Bunkai - Misunderstood meaning: “Practical application of kata.” Real meaning: “To break down.” Explanation: Many Karate people like to use kata techniques for self-defense.

After all, that was their original intent. We usually call this aspect of Karate training “bunkai.” But in reality, “bunkai” means to “to break down” – not “practical application of kata.” “Bunkai” is actually just the first step of applying kata for practical self-defense. After you “break down” the kata, you need to analyze the pieces and put it back together in the right context. For most people, it seems the word “bunkai” represents this whole process though.

Dojo - Misunderstood meaning: “Karate studio.” Real meaning: “The place of the Way.” Explanation: Many instructors teach Karate in gyms, dance studios, community centers or other venues not dedicated solely to Karate. But… no matter where you teach/learn Karate, that place is your “dojo.” This holds true for all traditional Japanese martial arts. And the word “dojo” is deeper than most people think:

“Do” means “Way”

“Jo” means “Place”

In other words, a “dojo” is a place where you embark on the journey to self-discovery – through the means of Karate training. The “dojo” is a Place where you are guided on the Way, by someone who has “come before” ( = “sensei”), using Karate as tool for transmitting the knowledge necessary to spark personal progress. Not just a “Karate studio.”

Kiai - Misunderstood meaning: “Battle scream.” Real meaning: “Unified energy.” Explanation: Sometimes it seems people scream “kiai” for the sake of screaming. But “kiai” is not about screaming. It’s not about exercising your vocal chords.

"Ki" literally means energy.

"Ai" literally means to unify.

This helps explains what the purpose of kiai truly is. Unifying the total energy of your mind, body and technique ("shin-gi-tai"), in a split-second moment of intense culmination. Kiai is an essential expression of your unification within your self.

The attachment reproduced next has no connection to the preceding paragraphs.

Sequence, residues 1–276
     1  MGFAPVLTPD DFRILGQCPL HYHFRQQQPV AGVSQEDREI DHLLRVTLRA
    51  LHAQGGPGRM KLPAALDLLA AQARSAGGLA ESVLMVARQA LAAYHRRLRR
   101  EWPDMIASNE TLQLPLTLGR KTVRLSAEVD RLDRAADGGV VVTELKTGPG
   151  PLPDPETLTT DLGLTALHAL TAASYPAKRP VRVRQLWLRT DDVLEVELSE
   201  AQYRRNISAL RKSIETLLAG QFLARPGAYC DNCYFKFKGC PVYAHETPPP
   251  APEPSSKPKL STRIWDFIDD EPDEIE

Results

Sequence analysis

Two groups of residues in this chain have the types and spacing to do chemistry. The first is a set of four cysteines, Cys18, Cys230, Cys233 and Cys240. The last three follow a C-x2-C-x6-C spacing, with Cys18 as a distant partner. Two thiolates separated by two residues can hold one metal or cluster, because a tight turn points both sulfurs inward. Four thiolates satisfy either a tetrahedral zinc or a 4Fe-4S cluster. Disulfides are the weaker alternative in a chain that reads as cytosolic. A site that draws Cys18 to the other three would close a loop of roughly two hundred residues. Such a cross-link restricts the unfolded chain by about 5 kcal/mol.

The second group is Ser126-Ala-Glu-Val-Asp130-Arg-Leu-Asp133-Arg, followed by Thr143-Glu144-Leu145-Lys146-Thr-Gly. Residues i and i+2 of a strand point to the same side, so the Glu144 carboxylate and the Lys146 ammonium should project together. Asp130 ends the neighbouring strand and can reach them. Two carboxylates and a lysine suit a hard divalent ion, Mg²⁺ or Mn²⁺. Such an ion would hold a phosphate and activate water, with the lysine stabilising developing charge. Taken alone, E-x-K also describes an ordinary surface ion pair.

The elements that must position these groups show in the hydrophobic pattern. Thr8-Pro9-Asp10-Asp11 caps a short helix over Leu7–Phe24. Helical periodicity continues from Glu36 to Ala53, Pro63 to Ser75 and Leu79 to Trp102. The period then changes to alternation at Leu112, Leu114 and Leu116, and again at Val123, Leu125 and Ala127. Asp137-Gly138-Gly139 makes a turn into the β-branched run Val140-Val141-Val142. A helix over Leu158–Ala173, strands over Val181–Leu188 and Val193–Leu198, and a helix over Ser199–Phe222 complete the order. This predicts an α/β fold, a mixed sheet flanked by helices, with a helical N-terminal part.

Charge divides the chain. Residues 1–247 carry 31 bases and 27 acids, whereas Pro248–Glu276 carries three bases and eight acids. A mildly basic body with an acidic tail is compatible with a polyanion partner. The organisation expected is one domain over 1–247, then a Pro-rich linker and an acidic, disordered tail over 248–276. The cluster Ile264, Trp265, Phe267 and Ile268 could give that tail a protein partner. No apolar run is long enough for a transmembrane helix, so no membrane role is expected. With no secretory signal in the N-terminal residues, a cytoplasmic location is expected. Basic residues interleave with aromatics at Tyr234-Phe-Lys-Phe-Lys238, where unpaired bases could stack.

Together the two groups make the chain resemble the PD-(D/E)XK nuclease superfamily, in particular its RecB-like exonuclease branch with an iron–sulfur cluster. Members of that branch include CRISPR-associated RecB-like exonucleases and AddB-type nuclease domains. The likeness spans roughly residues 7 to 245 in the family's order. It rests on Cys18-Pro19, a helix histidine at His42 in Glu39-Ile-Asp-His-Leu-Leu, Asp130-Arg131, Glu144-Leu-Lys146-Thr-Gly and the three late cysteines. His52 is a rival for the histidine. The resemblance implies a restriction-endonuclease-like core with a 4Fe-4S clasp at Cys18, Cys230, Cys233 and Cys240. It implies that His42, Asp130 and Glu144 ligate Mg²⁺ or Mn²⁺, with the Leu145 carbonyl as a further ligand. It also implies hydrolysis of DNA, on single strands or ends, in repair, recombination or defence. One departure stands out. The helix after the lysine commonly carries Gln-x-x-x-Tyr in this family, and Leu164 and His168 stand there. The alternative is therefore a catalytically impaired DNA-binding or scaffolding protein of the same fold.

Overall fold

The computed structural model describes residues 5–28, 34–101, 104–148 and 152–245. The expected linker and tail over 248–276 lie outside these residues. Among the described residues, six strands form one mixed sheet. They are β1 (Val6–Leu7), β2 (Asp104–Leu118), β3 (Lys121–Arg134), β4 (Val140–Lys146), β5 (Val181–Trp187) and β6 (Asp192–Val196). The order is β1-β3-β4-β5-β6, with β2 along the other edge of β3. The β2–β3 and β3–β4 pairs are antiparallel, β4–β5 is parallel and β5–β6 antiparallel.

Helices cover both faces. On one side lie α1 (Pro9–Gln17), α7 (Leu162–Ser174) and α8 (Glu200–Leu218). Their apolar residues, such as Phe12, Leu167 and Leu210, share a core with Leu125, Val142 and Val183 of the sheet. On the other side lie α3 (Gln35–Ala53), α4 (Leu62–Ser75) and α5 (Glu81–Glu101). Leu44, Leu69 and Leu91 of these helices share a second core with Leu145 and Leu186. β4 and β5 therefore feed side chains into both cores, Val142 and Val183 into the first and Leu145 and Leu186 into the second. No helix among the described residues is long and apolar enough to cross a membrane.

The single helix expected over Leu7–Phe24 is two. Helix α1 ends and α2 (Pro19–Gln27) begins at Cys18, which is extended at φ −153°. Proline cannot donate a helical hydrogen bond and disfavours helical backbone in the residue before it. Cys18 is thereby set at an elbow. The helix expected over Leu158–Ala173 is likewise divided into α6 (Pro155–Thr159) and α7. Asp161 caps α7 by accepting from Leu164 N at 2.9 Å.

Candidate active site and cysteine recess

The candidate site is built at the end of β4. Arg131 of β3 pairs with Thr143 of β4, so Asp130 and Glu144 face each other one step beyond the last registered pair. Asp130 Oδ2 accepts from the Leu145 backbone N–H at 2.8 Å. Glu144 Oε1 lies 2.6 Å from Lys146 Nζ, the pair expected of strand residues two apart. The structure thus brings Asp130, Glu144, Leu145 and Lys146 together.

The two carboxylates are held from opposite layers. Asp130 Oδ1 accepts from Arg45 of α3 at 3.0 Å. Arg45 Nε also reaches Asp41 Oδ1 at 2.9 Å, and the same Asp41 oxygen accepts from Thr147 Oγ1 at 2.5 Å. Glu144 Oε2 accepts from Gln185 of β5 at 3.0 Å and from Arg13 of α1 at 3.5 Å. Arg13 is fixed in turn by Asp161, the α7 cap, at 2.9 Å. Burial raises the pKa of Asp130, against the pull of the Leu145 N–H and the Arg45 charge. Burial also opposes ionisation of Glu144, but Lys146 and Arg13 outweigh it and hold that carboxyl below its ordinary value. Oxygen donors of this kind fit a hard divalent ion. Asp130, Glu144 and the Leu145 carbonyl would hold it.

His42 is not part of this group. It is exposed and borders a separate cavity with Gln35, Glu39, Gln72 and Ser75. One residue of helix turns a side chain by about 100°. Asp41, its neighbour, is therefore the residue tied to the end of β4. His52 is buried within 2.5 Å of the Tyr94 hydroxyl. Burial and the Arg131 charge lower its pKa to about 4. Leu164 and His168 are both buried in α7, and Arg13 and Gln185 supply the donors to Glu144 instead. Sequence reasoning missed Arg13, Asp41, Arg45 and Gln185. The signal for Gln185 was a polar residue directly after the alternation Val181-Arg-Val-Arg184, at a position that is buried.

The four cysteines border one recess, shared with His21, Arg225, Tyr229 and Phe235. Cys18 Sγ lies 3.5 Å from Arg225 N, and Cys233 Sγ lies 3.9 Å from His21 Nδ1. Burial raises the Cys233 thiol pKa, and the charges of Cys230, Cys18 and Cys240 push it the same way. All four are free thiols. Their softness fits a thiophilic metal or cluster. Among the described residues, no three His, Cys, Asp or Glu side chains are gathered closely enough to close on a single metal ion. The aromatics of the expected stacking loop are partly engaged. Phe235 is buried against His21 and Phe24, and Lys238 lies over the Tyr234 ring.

Rei - Misunderstood meaning: Bow. Real meaning: Respect. Explanation: Karate contains a lot of Japanese etiquette and culture.

One of the most important things is the bow – commonly known as "rei.” The word rei comes from the Japanese word reigi, which means respect, courtesy, manners. But the bow seems to have lost much of it’s respectful intention these days, especially when you look at people who compete in kumite. It looks more like a sloppy head nod. Rei is an integral part of dojo etiquette. It’s a physical manifestation of your gratitude for those helping you on the Way. That’s why we bow to both the dojo itself, as well as the people in it.

Often we say “onegaishimasu” at the same time too. Without respect, you cannot progress in Karate. Karate begins and ends with the bow.

Kumite - Misunderstood meaning: "Sparring/fighting." Real meaning: "Entangled hands." Explanation: The modern concept of "kumite" has lost much of it’s essence. When you look at the way we practice kumite today, it seems like a game of tag. Distant, jerky and disconnected.